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I stand corrected. It is true that you cannot get the PATH from Penn station. You have to go out and walk a block. I was thinking about the sign in Penn Station for the PATH, but it is not accessible underground. As previously stated, Hoboken is very nice, but currently a mega for young single professionals and it is mostly concrete. Fort Lee is semi-urban, close to Manhattan, and it is nice, but you will not get a large piece of property.

What neighborhoods did you find had foreclosures for under 300K? Many people find that buying short sales and foreclosures can be a stressful experience as you may have to leave your current residence by a certain time, but your new home may not be available when you want. In addition, others have cited the problems where they thought that they had secured a home through foreclosure or a shortsale, only to find a snag and having to start the process all over again, after making a hefty investment in legal fees and home inspection fees. Also if there are people occupying the home that you want to buy, it is really, really HARD in NY to evict them. And if you do get to evict them, it is realistic to expect them to destroy the place before they go. Real estate documentation preparation are done by attorneys here, not agents, and the bulk of the closing costs are paid by the buyer, including the fee for the bank's lawyer.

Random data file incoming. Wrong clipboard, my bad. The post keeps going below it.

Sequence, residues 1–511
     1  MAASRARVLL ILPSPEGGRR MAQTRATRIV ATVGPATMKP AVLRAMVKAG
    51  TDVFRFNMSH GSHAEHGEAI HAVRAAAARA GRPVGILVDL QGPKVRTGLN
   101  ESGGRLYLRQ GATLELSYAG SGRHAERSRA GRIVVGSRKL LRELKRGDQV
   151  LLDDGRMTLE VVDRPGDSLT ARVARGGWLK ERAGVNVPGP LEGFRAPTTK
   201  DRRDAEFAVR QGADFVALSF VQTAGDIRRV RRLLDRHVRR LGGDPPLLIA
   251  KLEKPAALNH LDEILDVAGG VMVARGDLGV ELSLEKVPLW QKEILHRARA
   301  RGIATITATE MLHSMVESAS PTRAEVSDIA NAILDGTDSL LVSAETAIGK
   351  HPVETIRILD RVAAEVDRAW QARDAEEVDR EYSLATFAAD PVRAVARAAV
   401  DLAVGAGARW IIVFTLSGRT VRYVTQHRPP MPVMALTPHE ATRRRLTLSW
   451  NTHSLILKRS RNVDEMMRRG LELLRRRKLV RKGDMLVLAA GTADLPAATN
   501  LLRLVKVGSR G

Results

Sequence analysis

If it were easy to find a foreclosure under 300K in a safe neighborhood with good schools, there would be greater competition for that house by buyers, driving the price up. If a house is cheaper than "average," there is a good reason. No way, no how, are you going to find a foreclosure in good condition in an area with a reputation for good schools in the NY metro area.

Last edited by Coney; 10-22-2011 at 07:30 PM..
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Old 10-22-2011, 08:06 PM
 
9,356 posts, read 13,978,769 times
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Quote:
Originally Posted by Coney View Post
If it were easy to find a foreclosure under 300K in a safe neighborhood with good schools, there would be greater competition for that house by buyers, driving the price up. If a house is cheaper than "average," there is a good reason. No way, no how, are you going to find a foreclosure in good condition in an area with a reputation for good schools in the NY metro area.
Foreclosures for <$300K in a safe neighborhoods with good (but not top) schools exist. There's a few in West Orange, NJ, for instance (which would not meet the commuting requirements for the OP), and probably some in the nearby train towns. But the banks are a real pain about it. The houses are also inevitably neglected, usually damaged, and thus will require work to get them up to code. Which would likely wipe out a lot of the savings.